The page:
While this is by no means a complete or comprehensive listing, some attorneys are routinely considered by vets and others to be some of the best VA disability attorneys. In this case, “best” (without quotes) considers qualities such as a given VA attorney's success over their career. Additional attributes considered are the training the attorney has completed (whether they worked, for instance, as a judge advocate) or served themselves. Further criteria also consider whether the attorney or firm makes a significant, consistent effort to support military vets in their community by going beyond simply seeking clients.

What are Some Frequently Listed Lawyers and Law Firms?

In general, most lists identify these well-known lawyers and law firms:

  • **Berry Law Firm**. Founded by Vietnam veteran John Stevens Berry Sr. and located across the US, it has offered advice and represented military veterans on VA benefit claims for more than 50 years.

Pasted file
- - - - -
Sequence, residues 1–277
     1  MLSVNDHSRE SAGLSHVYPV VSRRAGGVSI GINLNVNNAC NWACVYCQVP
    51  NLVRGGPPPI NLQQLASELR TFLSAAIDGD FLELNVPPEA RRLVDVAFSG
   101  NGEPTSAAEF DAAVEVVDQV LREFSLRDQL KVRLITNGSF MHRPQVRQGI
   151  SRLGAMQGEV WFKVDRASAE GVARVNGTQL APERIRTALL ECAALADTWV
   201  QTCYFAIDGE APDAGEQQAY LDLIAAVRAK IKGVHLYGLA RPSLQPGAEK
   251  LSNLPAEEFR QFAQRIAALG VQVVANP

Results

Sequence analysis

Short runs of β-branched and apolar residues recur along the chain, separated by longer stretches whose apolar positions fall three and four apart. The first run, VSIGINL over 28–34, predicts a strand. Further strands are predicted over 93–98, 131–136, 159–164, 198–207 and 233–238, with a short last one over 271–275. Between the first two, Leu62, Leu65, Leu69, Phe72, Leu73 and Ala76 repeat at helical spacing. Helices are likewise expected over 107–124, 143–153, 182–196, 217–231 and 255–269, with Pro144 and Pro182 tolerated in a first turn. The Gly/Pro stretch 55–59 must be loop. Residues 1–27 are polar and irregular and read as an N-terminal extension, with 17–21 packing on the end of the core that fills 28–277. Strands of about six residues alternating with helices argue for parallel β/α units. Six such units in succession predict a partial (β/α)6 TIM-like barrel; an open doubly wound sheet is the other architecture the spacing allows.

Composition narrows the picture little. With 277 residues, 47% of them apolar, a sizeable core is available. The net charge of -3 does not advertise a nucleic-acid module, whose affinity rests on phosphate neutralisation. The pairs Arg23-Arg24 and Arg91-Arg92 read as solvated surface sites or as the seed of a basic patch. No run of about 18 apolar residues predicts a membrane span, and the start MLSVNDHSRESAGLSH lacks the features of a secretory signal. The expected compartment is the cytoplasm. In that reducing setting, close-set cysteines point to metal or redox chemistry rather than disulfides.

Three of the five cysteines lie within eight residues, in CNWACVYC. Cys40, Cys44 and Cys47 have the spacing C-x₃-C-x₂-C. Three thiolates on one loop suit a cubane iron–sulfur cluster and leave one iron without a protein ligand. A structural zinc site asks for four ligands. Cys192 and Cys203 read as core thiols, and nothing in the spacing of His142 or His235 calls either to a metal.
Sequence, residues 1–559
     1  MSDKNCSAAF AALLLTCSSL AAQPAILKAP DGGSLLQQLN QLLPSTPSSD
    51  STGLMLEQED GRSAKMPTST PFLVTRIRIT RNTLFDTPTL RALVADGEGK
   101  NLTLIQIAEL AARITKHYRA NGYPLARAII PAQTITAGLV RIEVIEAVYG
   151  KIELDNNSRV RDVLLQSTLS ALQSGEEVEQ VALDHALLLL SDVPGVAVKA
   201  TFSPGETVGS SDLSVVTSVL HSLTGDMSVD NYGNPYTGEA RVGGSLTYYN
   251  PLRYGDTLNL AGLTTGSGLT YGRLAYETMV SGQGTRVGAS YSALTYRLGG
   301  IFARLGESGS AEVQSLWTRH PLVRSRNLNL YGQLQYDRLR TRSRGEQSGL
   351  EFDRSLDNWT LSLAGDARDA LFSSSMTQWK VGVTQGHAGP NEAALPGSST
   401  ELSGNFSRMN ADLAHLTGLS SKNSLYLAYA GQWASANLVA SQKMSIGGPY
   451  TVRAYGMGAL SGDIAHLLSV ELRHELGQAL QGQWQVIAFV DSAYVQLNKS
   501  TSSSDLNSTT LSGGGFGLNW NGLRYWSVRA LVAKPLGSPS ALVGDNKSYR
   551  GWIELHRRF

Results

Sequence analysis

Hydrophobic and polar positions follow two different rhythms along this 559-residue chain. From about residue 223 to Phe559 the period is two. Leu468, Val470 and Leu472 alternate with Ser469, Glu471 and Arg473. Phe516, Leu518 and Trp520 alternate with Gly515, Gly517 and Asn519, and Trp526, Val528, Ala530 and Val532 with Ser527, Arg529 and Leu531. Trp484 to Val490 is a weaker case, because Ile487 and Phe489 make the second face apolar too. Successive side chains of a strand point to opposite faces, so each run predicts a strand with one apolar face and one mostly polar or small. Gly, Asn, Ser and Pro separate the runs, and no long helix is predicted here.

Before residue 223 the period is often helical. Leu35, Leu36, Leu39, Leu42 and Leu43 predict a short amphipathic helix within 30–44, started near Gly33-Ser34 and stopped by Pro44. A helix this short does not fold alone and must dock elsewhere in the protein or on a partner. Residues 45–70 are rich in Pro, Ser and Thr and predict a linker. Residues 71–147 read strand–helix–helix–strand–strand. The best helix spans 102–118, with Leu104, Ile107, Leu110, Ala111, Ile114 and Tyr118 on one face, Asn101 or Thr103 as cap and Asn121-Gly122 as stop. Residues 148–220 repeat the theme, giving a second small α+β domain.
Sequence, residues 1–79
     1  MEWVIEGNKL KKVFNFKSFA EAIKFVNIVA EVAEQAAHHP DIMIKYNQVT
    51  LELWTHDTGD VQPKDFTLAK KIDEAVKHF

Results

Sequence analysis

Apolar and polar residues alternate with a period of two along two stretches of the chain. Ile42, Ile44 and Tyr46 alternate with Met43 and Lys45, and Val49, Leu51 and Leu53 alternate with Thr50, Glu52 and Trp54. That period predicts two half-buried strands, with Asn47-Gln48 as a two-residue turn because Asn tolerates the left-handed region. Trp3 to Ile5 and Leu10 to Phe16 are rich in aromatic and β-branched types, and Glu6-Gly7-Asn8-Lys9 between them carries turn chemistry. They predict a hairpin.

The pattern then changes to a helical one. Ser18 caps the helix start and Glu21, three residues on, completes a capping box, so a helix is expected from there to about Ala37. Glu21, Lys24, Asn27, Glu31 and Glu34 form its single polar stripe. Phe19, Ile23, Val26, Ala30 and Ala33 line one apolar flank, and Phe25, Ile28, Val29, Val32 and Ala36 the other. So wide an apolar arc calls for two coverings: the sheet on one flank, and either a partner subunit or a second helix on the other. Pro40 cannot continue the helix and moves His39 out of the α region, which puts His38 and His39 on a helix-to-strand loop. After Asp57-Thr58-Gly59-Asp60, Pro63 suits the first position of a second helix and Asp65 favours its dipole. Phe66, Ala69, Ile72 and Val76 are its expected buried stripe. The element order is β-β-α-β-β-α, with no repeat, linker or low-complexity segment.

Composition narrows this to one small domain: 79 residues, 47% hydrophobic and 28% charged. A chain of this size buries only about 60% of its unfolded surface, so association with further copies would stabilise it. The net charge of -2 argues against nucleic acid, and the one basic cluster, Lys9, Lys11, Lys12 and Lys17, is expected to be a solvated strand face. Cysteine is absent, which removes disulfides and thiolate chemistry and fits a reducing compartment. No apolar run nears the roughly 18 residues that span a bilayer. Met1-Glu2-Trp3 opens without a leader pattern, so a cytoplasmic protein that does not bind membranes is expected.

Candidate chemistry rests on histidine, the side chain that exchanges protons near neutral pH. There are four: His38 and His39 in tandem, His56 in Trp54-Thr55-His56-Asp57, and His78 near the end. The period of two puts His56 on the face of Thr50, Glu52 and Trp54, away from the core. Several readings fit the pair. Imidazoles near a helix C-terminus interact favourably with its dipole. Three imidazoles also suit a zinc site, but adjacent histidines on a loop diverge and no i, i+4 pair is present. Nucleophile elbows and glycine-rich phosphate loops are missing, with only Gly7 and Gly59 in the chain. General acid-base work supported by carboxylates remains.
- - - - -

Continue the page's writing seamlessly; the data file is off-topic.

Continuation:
• **Hill & Ponton**. I was shown a website last month written by this firm located in Florida. Their team focuses on fighting for disabled vets throughout the US and winning appeals on cases they decided to pursue, seeking to ensure disabled vets get the highest compensation possible.
  • **Marc Whitehead & The Veterans Law Group**. According to the US Military’s list of disability attorneys, this firm’s sole aim is assisting disabled vets who need support navigating difficult and complex cases, particularly after the VA has denied their claims. They work hard for their clients to make sure they get full compensation for the service-related impairments and injuries that the VA refuses to honor.